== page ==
Anyone who expected inflation to have peaked by now was in for a nasty surprise last week. The most recent report showed that prices rose 8.6% in May from a year ago, the fastest pace in 40 years.
Add to this falling stocks, rising interest rates, and global economic problems caused by Russia’s invasion of Ukraine, and it’s understandable that people don’t feel too good about the economy, even though the job market remains strong.
So if you’re looking for ways to protect yourself financially while making the most of what you have, here are some options to consider.
Get a new job now
With a very low unemployment rate and many job openings, the job market remains an ideal place for job seekers. But if there is a recession, that could change quickly. So take advantage while you can.
“If you’re not working, or looking for a better position, now would be a good time to take advantage of the great strength in the job market and secure a position,” said Florida Certified Financial Planner Mari Adam.
Take advantage of the real estate boom
If you’ve been hesitating about selling your home, now may be the time to take the plunge.
The housing market is in full swing, with house prices up almost 15% year-on-year in April and rents up almost 17%.
Meanwhile, mortgage interest rates are now about 2 percentage points higher than they were earlier this year, making a home much more expensive to buy and that may dampen demand.
“I would suggest to anyone planning to put their house on the market to do so immediately,” Adam said.
Home loans: lock in fixed rates now
If you’re buying a home or refinancing your debt, lock in the lowest fixed rate available as soon as possible.
That said, “don’t jump into a big purchase that doesn’t suit you just because interest rates might go up. Rushing into buying a high-value item, like a house or car, that doesn’t fit your budget is the ingredient.” perfect for a disaster, regardless of how interest rates move in the future,” said Lacy Rogers, a Texas certified financial planner.
If you already have an adjustable rate home equity line of credit and used part of it for a home improvement project, ask your lender if they would be willing to lock in rates on your outstanding balance, thus creating a home equity loan fixed-rate mortgage, suggested Greg McBride, chief financial analyst at Bankrate.com.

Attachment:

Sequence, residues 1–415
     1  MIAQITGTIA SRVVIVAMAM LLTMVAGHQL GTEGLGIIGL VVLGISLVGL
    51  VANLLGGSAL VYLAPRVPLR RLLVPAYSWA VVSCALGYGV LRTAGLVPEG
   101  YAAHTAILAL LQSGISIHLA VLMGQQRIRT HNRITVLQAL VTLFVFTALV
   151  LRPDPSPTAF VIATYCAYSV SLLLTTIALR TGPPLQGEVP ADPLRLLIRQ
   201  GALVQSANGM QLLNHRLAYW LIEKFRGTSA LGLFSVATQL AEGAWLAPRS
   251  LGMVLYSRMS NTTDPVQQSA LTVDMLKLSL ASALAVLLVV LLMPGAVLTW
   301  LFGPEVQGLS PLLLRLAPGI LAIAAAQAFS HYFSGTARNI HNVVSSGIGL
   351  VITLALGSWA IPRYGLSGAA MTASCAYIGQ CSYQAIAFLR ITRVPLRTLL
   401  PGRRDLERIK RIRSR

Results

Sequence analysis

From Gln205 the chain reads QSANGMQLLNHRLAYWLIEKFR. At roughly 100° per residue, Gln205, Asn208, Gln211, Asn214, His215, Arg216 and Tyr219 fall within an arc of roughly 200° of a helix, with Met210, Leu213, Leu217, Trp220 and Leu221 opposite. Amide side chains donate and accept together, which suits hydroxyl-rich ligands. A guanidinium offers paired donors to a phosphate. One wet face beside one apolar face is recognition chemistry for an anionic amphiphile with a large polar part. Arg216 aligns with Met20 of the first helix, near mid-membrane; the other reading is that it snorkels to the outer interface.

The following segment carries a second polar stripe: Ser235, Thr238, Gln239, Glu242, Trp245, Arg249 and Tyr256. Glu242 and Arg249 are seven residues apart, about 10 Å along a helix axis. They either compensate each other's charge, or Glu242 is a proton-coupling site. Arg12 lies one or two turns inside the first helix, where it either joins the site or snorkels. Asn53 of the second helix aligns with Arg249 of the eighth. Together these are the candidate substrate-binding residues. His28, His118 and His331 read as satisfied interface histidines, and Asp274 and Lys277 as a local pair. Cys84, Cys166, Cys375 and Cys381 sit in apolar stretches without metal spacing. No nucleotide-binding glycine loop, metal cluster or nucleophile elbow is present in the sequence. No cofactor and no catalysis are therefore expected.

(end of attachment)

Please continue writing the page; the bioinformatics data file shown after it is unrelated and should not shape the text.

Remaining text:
If that’s not possible, consider paying off that balance by taking out a Home Equity Line of Credit (HELOC) with another lender at a lower promotional rate, McBride said.
Cover your short-term cash needs
Having liquid assets to cover yourself in the event of an emergency or sharp market declines is always a good idea. But it’s especially crucial when you’re dealing with big events beyond your control, like layoffs, which often spike during recessions.
That means having enough money set aside in cash, money market funds, or short-term fixed income instruments to cover several months of living expenses, emergencies, or any large and anticipated expenses (for example, a down payment or college tuition).
This is also advisable if you are close to retirement or are already retired. In that case, you may want to set aside a year or more of living expenses that you would normally pay for with withdrawals from your portfolio, said Rob Williams, managing director of Financial Planning, Retirement Income and Wealth Management at Charles Schwab. This should be the amount you would need to supplement your fixed income payments, such as Social Security or a private pension.
Additionally, Williams suggests having two to four years in lower-volatility investments, such as a short-term bond fund. That will help you weather any market crash and give your investments time to recover.
Credit cards: minimize fees
If you carry balances on your credit cards, which often carry high variable interest rates, consider transferring them to a zero-rate balance transfer card that locks the interest rate to zero for 12 to 21 months, McBride suggested.